from The American Heritage® Dictionary of the English Language, 5th Edition.

  • intransitive verb To scrape or strike the ground with a golf club behind the ball before hitting it.
  • intransitive verb To strike (the ground) with a golf club before hitting the ball.
  • intransitive verb To hit (a ball) in this manner.

from The Century Dictionary.

  • To strike with the open hand or with anything flat; specifically, in golf, nearly the same as baff. See the extract.

from the GNU version of the Collaborative International Dictionary of English.

  • intransitive verb Scot. To scuff or shuffle along.
  • intransitive verb (Golf) To scrape the ground with the sole of the club, before striking the ball, in making a stroke.
  • transitive verb (Golf) To scrape (the club) on the ground, in a stroke, before hitting the ball; also, to make (a stroke) in that way.
  • noun A slight blow; a slap; a soft fall; also, the accompanying noise.
  • noun (Golf) The stroke made by one who sclaffs.
  • noun A thin, solid substance, esp. a thin shoe or slipper.

from Wiktionary, Creative Commons Attribution/Share-Alike License.

  • noun golf a poor golf shot, during which the club hits the ground before it hits the ball
  • verb golf to perform such a shot

from WordNet 3.0 Copyright 2006 by Princeton University. All rights reserved.

  • noun a poor golf stroke in which the club head hits the ground before hitting the ball
  • verb strike (a golf ball) such that the ground is scraped first
  • verb strike (the ground) in making a sclaff


from The American Heritage® Dictionary of the English Language, 4th Edition

[Scots, to strike with a flat surface.]


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  • When, as often happens, this is done too suddenly, a sclaff is the result.

    The Complete Golfer Harry Vardon 1903

  • All I remember of the night was that it was flipping cold and Gifton Noel-Williams scored with the flukiest sclaff I have ever seen.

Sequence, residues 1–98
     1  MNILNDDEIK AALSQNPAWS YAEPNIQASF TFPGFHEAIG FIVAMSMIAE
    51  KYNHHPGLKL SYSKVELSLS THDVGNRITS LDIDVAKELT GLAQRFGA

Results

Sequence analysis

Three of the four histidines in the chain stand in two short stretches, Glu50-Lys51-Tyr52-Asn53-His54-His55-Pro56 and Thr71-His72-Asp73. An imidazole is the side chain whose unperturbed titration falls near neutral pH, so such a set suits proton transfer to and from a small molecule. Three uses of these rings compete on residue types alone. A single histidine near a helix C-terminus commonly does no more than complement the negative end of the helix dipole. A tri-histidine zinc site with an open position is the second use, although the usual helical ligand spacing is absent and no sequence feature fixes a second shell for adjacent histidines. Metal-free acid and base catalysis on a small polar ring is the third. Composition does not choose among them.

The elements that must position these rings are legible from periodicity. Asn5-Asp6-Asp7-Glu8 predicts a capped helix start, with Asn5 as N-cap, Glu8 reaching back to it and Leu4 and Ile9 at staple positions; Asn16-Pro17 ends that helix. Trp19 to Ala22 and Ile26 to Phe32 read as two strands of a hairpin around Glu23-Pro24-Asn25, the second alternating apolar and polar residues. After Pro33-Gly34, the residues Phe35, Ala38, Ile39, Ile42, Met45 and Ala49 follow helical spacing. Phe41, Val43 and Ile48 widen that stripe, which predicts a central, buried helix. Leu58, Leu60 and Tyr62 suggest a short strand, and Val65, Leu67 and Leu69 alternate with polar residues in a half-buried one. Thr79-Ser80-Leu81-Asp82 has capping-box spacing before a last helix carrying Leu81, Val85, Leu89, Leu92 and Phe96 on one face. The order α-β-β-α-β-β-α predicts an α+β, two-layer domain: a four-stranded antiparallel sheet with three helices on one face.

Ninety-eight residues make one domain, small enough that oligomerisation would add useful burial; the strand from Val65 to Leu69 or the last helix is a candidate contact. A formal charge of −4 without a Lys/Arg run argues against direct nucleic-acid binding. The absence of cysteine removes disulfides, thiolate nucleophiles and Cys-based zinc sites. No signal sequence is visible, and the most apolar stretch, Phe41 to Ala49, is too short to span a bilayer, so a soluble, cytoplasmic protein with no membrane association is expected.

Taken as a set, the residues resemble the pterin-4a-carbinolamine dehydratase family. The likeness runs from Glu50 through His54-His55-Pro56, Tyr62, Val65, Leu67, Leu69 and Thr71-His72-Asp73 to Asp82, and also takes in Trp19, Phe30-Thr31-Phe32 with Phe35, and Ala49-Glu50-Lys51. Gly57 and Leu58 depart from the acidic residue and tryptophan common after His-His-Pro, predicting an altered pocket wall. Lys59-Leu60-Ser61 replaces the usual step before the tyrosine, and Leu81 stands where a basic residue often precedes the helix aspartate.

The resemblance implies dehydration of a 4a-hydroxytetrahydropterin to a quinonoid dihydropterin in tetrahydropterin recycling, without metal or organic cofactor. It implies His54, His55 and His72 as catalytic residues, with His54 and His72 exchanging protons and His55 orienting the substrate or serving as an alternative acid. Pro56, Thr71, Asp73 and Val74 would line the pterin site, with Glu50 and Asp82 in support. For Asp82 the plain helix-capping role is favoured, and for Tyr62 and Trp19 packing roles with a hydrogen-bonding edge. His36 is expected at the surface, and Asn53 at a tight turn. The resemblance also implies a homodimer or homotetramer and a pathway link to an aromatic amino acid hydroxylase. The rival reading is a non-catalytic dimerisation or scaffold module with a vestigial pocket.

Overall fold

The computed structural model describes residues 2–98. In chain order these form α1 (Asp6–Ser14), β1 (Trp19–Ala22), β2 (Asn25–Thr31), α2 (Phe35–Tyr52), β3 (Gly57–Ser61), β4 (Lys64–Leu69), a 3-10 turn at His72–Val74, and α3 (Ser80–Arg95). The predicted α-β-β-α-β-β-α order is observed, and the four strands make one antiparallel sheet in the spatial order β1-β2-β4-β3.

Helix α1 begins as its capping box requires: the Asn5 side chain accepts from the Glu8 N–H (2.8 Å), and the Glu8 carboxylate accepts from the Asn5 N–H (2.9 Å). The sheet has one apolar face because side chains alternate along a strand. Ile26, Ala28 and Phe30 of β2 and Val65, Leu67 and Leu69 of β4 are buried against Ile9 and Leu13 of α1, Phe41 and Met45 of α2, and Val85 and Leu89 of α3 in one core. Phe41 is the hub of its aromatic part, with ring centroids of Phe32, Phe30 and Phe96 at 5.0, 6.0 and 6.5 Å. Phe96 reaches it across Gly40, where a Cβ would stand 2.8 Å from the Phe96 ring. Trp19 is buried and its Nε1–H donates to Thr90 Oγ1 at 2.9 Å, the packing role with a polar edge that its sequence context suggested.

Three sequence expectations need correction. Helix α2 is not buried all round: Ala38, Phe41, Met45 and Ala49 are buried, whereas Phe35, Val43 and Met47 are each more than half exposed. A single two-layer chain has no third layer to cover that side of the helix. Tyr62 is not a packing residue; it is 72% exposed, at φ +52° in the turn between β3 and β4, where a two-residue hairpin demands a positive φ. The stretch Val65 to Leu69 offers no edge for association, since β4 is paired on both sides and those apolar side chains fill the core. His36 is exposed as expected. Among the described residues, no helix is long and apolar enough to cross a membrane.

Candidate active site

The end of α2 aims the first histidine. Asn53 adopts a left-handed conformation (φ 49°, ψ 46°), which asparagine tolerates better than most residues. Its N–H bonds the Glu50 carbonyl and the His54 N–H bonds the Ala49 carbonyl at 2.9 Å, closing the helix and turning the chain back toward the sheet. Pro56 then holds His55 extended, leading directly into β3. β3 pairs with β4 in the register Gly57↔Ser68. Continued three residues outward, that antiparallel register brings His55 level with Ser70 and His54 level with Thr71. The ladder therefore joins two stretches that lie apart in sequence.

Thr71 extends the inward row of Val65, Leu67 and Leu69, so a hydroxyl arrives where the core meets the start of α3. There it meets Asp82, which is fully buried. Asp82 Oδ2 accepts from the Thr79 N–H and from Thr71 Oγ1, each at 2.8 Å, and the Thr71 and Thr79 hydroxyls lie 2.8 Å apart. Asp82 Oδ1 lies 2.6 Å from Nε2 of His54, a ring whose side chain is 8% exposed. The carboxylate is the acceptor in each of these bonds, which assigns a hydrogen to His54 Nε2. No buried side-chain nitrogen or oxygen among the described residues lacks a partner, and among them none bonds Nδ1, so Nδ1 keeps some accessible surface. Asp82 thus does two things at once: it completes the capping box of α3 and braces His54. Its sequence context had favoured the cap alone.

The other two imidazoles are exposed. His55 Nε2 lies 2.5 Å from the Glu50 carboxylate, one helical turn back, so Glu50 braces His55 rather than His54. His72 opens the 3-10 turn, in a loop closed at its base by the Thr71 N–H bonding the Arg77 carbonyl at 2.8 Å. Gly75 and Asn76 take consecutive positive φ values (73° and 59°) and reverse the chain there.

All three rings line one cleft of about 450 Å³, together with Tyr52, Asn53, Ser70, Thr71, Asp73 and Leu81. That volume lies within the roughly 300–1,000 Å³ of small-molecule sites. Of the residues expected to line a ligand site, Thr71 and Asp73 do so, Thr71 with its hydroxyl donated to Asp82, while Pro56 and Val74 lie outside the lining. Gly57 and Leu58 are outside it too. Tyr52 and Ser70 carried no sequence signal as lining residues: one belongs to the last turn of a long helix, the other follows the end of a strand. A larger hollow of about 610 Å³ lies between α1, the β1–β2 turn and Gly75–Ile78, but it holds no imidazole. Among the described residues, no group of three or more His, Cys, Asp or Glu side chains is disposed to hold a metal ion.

Archive 2005-07-01 Kerron Cross 2005

  • In making his correction the man is very likely to overdo it and strike the sand before the ball, causing a sclaff, or, on the other hand, not to correct sufficiently when the only possible result would be a topped ball and probably a hopeless position in the hazard.

    The Complete Golfer Harry Vardon 1903

  • Still, Sutton may rue that sclaff as the game progresses ...

    BBC News | News Front Page | World Edition 2009


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  • "After witnessing Hamilton's confident win over Dundee Utd at the start of the week Craig Brewster would have been only too aware of the threat posed by the new boys, but it was a series of small errors culminating in a sclaffed ball by young defender Duff which set up Offiong for the opening goal on the stroke of half time."

    - 'Inverness CT v Hamilton - 16-08-08',

    August 23, 2008

  • In Scotland the golfers will quaff

    A dram before plying the staff,

    Then mar in their haze

    The luckless fairways

    With many a duff and a sclaff.

    December 2, 2016

  • Note that sclaff can be either a verb or a noun. Oddly the Word of the Day notification provides three definitions for its use as a verb only, yet all the examples supplied use it as a noun.

    December 2, 2016